This book was recommended to me to get a better understanding of freemasonry. I really enjoyed this book, the history, the symbolism and description of the allegories. The book also helps one to realize that the Craft is to mean more than ancient rituals, it is a true spiritual journey and rebuilding of man within which good men are made better!
Jan 14, 2009 Rachelle marked it as to-read  ·  review of another edition
Shelves: didn-t-finish
I thought this book was very interesting. I love seeing the comparisons to Masonry in my own faith. I don't know the right word to use... but the author uses way to many words to put forth a simple idea. It was hard to stay focused. Partly it was just really intense and deep and I wasn't able to get into it. Maybe I will look for another book about Masonry.
Sep 16, 2014 Rob rated it liked it  ·  review of another edition
Shelves: freemasonry
Like many classic works of Masonic literature, this book can take a while to wade through. Lack of paragraphs, arcane language, and run-on sentences pose quite the challenge to the reader.

If you stick with it and plow through, this is a very interesting explanation of the whys and hows of Masonry.
Matthew John
Jan 08, 2015 Matthew John rated it really liked it  ·  review of another edition
I have been a mason for a little over a year. This book was suggested to me even before I became a MM.

It is a difficult read at times but I believe every mason interested in the esoteric interpretation of the craft should read this book, multiple times!
Aug 07, 2012 Alex rated it really liked it  ·  review of another edition
Shelves: masonic

A great and interesting read. Pretty deep at times. The book is written for Freemasons so some of it would be easier to understand to those more versed in the craft. A fine book, theme, and call for masons to dig deeper.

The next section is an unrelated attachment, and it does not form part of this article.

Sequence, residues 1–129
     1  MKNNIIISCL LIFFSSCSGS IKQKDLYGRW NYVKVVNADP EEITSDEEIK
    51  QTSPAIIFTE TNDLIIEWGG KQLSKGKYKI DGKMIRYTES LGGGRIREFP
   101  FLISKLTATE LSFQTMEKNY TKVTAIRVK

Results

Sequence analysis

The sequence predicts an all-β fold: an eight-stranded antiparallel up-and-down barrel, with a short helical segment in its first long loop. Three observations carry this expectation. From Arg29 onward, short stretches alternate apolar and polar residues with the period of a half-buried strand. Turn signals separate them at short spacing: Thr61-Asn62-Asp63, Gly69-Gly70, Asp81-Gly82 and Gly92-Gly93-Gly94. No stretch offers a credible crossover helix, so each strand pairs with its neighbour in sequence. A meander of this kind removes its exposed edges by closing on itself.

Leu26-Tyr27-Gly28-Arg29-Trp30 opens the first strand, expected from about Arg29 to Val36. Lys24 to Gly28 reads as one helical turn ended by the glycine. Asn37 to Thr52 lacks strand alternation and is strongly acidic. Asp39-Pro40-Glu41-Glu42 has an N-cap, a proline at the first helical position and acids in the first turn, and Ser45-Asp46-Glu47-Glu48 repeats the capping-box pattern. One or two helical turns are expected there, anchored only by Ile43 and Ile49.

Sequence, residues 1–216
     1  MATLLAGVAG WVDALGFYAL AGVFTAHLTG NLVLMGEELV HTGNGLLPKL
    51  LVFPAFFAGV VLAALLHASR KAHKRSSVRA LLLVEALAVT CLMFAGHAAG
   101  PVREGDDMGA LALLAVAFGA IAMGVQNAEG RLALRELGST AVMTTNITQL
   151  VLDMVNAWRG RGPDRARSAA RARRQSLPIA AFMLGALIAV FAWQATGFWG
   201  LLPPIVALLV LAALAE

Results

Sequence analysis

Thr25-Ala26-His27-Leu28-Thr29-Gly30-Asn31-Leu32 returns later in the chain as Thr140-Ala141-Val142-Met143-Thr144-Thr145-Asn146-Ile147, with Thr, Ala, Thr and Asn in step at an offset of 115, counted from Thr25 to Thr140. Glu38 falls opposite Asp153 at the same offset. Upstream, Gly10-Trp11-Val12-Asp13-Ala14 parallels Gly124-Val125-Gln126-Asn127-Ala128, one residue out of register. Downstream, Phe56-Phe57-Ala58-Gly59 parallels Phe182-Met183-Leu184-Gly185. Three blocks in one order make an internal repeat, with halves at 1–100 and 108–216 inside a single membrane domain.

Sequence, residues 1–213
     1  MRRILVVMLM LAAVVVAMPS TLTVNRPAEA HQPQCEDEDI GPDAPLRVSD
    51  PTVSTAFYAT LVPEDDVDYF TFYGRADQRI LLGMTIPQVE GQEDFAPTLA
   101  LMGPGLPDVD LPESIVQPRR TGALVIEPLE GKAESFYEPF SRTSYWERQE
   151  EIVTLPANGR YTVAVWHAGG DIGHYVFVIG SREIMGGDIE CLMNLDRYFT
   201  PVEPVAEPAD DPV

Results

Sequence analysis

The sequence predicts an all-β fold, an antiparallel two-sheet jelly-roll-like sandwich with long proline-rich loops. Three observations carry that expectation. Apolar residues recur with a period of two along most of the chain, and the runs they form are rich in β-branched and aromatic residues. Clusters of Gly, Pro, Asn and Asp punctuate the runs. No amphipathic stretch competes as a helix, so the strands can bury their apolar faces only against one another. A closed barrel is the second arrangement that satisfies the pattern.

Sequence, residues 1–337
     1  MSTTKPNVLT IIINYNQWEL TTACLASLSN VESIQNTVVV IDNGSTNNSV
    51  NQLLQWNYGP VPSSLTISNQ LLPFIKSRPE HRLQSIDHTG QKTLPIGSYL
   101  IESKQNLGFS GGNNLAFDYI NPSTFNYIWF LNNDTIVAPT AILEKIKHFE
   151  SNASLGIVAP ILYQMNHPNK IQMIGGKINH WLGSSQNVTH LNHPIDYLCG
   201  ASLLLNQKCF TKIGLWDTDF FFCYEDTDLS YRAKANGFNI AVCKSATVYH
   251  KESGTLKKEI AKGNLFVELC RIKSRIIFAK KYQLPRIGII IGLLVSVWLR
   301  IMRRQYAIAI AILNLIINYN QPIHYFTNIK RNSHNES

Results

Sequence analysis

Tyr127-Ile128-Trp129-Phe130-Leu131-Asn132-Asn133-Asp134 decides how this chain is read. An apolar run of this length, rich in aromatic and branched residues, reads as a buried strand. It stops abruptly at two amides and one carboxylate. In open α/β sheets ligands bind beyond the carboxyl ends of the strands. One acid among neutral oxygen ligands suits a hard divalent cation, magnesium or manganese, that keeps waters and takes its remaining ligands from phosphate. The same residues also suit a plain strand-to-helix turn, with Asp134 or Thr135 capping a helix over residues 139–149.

Roger Wadleigh
While on the one hand it explains that Masonry is about perfecting the individual and creating someone better... It doesn't really go into how that's done. I guess that's some of the mysteries of Masonry.
Oct 22, 2009 Brandon rated it it was amazing  ·  review of another edition
63 page into it and it keeps me thinking about it hours into the night in my sleep
Jason Maness
Jul 13, 2013 Jason Maness rated it really liked it  ·  review of another edition
Great book for anyone looking to start on the journey into esoteric Masonry.
Mick Glasgow
Jan 26, 2008 Mick Glasgow rated it it was amazing  ·  review of another edition
A great book on what Freemasonry means to the individual.
Lewis Manalo
Oct 16, 2013 Lewis Manalo rated it really liked it
Well, my curiosity is sated.
Aug 04, 2013 Ian rated it it was amazing  ·  review of another edition
Very good writing about the esoteric side of Masonic teaching.
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Walter Leslie Wilmshurst was an English author and Freemason. He published four books on English Freemasonry and submitted articles to The Occult Review magazine. Born in Chichester, Wilmshurst was initiated as a Mason in the Huddersfield lodge in 1889, having moved to the town to become a solicitor, for a time becoming president of the Huddersfield Law Society. He died in Huddersfield.